Listen to this devotional:
Listen while you read: "Rock Of Ages Cleft For Me"1 (Lyrics)

I can't forget our disappointing dialogue. Two of us were lamenting over societal woes, when suddenly, he walked away, exclaiming, "This is too depressing!"

That's not how I wished the conversation to proceed! He never got to hear the hope welling up in me, which I was about to express.

I can see why he stomped off. It's too depressing to think about bad stuff without knowing the good stuff! Of course, we can't truly face sin and evil unless we also face God's glorious hope! Without being grounded in God's covenant purposes for humanity, we can't handle the unspeakable tragedy of sin and divine judgment. Nor can we face personal sinfulness, like the apostle Paul did in saying, "O wretched man that I am!" (Romans 7:24 KJV) Nor will we cry out to God with such agonizing complaints as the psalmists did — even while they trusted Him to come through with deliverance and forgiveness. We see their resilient hope expressed in this self-talk:

Psalm 42:11 – Why are you downcast, O my soul? Why so disturbed within me? Put your hope in God, for I will yet praise him, my Saviour and my God. (NIV)

Our situation may not be nearly as distressing as it was for this psalmist. Still, sin and evil do play havoc, and affect us more deeply than we realize. I'm convinced that in our complaints, we don't get disturbed enough. We don't get distressed enough over sin and its horrendous effects. That's because we can't see it as fully as God does! We're mainly mindful of our own disappointments. Furthermore, we are quick to apply soothing ointments. We are quick to console ourselves with light chat, relaxing music, food … or conviction-free forms of faith. You know what I'm saying: We can become content with our own remedial solutions, telling ourselves, "It's better than nothing!" My friend, that's useless self-talk!

Today, I encourage us to keep on striving for a richer, biblical perspective on this paradoxical connection between the bad and the good. Scripture portrays sin and evil with vividly dark colours. That's the backdrop for God's glimmering solution: deliverance and forgiveness through Christ's life, His "amazing grace … that saved a wretch like me".

Now, back to that gentleman mentioned earlier. Interestingly, he was well-churched. Every Sunday, he had heard glad expressions of God's grace! Yet, for him, as for countless others, it had never penetrated. He hadn't yet faced both the gladness of the "good stuff" and the badness of the "bad stuff". Oh, such a sadness!

Surely, to some extent this sad condition afflicts each of us. Thus, we can sincerely pray something like the following from a vintage prayer by Philip Doddridge (1709-1751):

Prayer: "O injured, neglected, provoked Benefactor: When I think but for a moment of all Your greatness and goodness, I am astonished at the indifference in my heart. … Let Your grace teach me the lesson I am slow to learn. … Hear these broken cries, for the sake of Your Son." Amen.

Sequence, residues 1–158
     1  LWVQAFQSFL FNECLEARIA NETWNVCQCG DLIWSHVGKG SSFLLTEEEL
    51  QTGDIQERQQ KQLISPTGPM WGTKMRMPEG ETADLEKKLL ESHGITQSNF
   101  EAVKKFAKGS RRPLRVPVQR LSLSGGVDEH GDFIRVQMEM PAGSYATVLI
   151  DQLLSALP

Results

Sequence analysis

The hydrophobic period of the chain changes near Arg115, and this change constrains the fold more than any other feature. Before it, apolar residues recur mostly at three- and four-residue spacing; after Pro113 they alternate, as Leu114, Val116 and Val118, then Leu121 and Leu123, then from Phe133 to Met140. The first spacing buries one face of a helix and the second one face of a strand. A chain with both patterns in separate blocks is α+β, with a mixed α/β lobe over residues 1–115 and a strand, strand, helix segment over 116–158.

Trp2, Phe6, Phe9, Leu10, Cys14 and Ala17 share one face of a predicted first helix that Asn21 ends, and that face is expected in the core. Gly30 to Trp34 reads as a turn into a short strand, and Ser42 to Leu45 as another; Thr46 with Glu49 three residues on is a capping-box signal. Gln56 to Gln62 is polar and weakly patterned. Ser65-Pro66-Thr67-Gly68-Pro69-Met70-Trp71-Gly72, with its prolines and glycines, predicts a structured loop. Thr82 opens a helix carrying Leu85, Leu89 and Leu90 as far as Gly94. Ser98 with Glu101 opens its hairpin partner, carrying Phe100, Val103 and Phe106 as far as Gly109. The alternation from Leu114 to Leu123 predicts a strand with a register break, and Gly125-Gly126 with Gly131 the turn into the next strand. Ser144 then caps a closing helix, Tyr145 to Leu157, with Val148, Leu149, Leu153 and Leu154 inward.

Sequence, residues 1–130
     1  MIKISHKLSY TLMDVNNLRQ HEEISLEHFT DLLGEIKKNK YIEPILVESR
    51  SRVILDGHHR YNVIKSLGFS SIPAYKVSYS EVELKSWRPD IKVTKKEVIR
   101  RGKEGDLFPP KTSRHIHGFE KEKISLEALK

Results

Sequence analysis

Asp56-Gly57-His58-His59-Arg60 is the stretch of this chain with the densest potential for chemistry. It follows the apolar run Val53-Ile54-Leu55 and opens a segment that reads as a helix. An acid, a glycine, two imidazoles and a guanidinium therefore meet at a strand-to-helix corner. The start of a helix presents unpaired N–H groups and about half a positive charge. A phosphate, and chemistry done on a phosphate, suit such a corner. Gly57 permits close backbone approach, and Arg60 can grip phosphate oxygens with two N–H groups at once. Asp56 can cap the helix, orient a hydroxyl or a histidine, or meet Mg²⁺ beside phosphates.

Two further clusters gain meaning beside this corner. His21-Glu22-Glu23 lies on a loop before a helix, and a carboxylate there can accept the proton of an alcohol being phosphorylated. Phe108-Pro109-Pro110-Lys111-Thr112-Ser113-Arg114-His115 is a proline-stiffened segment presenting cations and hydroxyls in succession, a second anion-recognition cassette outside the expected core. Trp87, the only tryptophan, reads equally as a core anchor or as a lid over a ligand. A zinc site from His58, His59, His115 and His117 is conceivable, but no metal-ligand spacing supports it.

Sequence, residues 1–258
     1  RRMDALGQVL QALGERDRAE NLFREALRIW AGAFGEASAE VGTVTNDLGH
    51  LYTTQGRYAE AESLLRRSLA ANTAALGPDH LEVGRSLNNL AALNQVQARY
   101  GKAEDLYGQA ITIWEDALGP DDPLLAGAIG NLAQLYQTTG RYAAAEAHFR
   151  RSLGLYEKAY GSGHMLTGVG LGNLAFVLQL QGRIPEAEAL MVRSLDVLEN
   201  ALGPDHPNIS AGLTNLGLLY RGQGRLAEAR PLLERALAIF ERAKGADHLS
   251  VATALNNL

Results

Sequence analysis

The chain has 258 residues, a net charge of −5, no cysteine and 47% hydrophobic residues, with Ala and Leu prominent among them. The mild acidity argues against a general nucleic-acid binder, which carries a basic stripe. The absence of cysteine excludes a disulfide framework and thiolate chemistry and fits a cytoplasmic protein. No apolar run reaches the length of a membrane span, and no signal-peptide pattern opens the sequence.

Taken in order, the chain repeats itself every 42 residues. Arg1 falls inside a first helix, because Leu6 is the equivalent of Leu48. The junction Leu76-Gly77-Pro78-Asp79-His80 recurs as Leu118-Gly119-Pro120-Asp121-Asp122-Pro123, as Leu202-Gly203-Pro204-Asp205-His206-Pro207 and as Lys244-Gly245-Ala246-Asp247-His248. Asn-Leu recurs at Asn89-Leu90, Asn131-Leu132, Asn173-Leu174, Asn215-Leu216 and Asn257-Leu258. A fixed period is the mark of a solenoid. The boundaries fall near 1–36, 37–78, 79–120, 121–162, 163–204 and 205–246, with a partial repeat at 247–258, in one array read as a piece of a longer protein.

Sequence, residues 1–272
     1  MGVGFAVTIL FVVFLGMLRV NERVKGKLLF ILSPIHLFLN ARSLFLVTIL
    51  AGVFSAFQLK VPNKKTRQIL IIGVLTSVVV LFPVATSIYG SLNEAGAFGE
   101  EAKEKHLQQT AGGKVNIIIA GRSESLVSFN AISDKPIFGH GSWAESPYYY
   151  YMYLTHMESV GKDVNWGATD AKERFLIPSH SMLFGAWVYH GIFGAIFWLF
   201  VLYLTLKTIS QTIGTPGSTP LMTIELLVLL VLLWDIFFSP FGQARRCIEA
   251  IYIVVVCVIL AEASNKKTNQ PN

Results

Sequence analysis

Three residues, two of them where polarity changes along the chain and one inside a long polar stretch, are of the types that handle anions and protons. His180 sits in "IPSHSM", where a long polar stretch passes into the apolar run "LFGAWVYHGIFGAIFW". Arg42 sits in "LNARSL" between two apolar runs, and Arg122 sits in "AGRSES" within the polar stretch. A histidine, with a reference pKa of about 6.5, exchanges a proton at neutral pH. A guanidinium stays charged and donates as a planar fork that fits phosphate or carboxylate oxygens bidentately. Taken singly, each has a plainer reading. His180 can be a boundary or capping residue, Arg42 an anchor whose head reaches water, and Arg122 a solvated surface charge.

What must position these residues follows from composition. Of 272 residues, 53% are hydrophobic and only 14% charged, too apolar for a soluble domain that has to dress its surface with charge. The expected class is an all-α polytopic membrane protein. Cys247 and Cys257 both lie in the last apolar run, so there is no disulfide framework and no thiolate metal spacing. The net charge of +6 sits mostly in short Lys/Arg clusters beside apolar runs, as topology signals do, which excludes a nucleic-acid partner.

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About the author:

Diane Eaton <d.eaton@bmts.com>
Paisley, Ontario, Canada

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1 Comment

  • PresbyCan Feedback says:

    Thanks for the good reminder, Diane.


    Beautiful Diane! So much need to engage in whole truth.


    Thank you. Your mastery of the English language is uplifting to read.


    Diane, thank you for this encouraging reminder which I needed today.


    Thank you, Diane for sharing this encouraging devotional with us. Blessings.


    Well-said, Diane! Especially that great prayer that should never be forgotten. Wonderful title too! Helps me. Love to you today on the journey.


    Diane, this pulls me up sharply to recognize the casual manner in which I often treat the life-giving relationship with Jesus. Thank you for sending me to my knees to seek forgiveness.


    You can deal with “the bad stuff” if you remember all the blessings God has bestowed on you and your loved ones. This strengthens your faith and gives you Hope needed to deal with “the bad stuff”.


    Hello Diane,
    Many thanks for another of your very mindful devotionals. Great advice and good reading in that “vintage” prayer. Blessings for these writings you submit.


    Diane! Spot on as usual! Thank you for that! I am now more aware of the difficulty others, whose faith is not securely placed in Christ, have with the vagaries of life, especially these pandemic times, and how much they need to see and hear the good news! Bless you! I shall meditate on that a while.


    How touching!
    All around the world, there are horrendous things happening; in my own life I have a challenge greater than anything I’ve ever faced before, but that prayer has turned the situation around – I’ll get through!
    Bless you Diane,
    (BC)


    Good morning Diane,
    You are always challenging me to be a better Christian. You don’t want me to take the easy way out with my faith and belief. It is good to have someone pointing out another way of looking at a situation.
    I have been trying to show my granddaughter that discussions are not arguments and because someone has a different point of view it is a chance to learn more or help them to see that there are different ways of looking at situations. I was much older before I realized this and stopped judging people so quickly. Wisdom does come with age, but it can use a little help along the way maybe.
    Thank you for always being willing to share your knowledge and your different perspective. Many blessings.


    Diane,
    Thank you for sharing these lessons. I need to hear them over and over again.

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